Thu, Aug. 22

Drugs and Olympics go hand in hand

An Olympics just wouldn’t be an Olympics without a drug scandal.

This week we’ve seen one Olympic champion stripped of a medal for a failed drug test. Another Olympian who withdrew from competition because of an injury came up dirty on four separate tests earlier this summer.

Of course, both athletes claim innocence. They portray themselves as victims.

Maybe, they’re right. But let’s face it, athletes will cheat and they do cheat.


The answer is simple. Without drugs, a lot of them wouldn’t have a chance of winning, or even reaching the Olympic stage.

Take, for example, the case of Canadian Ben Johnson, the short-lived Olympic champion sprinter who ran away from the legendary Carl Lewis in the 1988 games. He was exiled from the Games just a few days after his world-record victory in the 100-meter dash.

Johnson wormed and lied his way back into the sport a few years later. But it was a different Johnson. He claimed he was working his way back into competitive shape. The truth was, he was competing without the benefit of drugs. Without them, he was, at best, a mediocre athlete. On the international circuit, he was relegated to "B" races.

In time, though, he was back in "shape," having set an indoor world sprint record. That record was later revoked after Johnson failed another drug test and was exiled from the sport. Earlier this summer, there was a news report of a thief stealing a handbag from Johnson in Italy. Johnson attempted to chase the thief down. He lost the race.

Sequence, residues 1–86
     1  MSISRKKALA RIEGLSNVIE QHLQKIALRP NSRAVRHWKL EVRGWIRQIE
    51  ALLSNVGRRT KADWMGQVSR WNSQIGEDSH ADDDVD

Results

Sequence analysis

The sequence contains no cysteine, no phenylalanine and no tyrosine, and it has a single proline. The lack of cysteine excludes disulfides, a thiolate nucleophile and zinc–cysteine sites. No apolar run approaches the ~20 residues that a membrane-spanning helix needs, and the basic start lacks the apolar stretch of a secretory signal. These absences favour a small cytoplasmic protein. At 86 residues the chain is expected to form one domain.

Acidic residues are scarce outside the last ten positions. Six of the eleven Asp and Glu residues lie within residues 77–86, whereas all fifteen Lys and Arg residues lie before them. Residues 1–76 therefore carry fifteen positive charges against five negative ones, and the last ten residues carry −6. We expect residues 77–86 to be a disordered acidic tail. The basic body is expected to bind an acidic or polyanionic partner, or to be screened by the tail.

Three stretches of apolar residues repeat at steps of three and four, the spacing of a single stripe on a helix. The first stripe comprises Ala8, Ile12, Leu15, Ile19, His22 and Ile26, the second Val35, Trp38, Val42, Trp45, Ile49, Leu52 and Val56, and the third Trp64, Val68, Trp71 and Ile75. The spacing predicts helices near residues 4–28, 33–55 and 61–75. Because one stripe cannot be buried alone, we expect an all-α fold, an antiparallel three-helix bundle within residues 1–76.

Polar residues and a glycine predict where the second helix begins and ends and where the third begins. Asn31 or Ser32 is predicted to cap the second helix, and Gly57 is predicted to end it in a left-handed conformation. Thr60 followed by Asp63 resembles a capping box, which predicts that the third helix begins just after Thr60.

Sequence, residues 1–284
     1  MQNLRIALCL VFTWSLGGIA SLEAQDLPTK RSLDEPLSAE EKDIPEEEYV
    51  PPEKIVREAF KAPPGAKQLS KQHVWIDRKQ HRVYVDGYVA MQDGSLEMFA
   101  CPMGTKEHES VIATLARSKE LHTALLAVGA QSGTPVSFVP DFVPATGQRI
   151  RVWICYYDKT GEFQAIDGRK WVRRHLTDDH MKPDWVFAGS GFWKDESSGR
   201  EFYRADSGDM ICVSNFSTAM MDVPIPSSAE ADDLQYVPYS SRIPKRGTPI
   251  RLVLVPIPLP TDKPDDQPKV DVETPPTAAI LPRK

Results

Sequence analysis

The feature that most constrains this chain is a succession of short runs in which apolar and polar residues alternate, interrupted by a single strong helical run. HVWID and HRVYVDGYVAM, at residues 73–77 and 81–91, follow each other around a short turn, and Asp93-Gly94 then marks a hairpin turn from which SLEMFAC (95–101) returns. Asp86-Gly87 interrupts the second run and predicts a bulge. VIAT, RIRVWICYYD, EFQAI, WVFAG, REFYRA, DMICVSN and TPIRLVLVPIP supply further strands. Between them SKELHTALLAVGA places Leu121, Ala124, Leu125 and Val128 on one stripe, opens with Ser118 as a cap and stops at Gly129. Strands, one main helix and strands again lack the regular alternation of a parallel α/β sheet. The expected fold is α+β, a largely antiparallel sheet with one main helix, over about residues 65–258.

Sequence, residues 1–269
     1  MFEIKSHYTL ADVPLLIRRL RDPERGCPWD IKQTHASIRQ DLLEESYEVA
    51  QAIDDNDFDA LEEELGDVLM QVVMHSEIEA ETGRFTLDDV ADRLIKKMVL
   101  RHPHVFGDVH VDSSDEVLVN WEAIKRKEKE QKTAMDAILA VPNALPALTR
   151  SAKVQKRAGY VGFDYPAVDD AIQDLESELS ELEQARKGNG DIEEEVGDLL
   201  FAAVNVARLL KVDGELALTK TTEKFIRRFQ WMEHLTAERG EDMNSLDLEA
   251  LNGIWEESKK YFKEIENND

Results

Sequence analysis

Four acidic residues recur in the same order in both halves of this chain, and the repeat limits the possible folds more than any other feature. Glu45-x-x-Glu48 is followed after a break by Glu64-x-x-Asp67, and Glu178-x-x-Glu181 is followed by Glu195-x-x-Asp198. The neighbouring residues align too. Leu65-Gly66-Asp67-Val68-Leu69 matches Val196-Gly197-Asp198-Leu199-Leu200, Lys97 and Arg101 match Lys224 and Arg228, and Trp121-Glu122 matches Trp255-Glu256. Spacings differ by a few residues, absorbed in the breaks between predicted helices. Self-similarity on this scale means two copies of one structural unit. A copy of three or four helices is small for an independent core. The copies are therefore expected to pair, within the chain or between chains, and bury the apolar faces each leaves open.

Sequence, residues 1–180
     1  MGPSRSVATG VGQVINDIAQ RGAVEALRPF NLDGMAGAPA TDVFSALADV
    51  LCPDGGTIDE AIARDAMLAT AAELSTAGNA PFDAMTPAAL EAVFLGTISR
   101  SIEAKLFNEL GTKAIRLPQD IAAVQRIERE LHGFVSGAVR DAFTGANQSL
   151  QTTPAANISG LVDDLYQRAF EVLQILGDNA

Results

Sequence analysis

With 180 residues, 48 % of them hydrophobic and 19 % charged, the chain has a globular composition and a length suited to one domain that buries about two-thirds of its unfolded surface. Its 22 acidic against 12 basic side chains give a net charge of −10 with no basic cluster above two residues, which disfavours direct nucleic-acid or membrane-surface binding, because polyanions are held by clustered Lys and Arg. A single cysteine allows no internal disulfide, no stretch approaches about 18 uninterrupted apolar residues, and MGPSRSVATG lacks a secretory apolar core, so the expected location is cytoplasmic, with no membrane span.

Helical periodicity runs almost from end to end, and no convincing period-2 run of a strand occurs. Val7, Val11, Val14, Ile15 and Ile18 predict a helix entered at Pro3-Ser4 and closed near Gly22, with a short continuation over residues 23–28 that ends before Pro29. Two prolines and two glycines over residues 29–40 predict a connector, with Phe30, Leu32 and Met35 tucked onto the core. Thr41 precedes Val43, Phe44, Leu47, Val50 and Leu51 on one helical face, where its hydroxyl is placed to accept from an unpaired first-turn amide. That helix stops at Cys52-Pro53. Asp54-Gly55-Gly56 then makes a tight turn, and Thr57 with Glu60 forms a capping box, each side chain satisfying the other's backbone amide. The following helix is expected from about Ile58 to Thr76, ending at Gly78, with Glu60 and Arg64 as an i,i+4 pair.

Clean, Johnson was a very ordinary athlete. Chemically enhanced, he could destroy Carl Lewis, the greatest track and field athlete in Olympic history.

It’s not just athletes such as Johnson who give their sport and the Olympic Games a black eye. The International Amateur Athletic Federation has talked tough about drugs for years. When push comes to shove, though, they play patty-cake with the athletes. Johnson, for example, was initially "banned for life" from the sport. Eighteen months later, he was reinstated. A Cuban high jumper banned from competition for a failed drug test was reinstated just in time to compete in Sydney and won a silver medal.

Athletes believe they can beat drug tests by "cycling" their intake of banned substances and using "masking" drugs to manipulate the tests. Further, the IAAF has taught them that if they do get caught, the penalty will not be severe: A little public embarrassment, a brief suspension during which time they can really load up on steroids, an insincere apology, and then they are back — bigger, stronger and faster than before.

Society, too, shares a burden of the blame for drugs in sports. We idolize Mark McGwire for breaking Roger Maris’ home run record. We ignore the fact that he readily admits to taking a performance-enhancing drug that is illegal for an Olympic athlete to ingest.

The temptation to cheat is too great.

Especially when sport’s governing bodies really don’t care … and neither does society.

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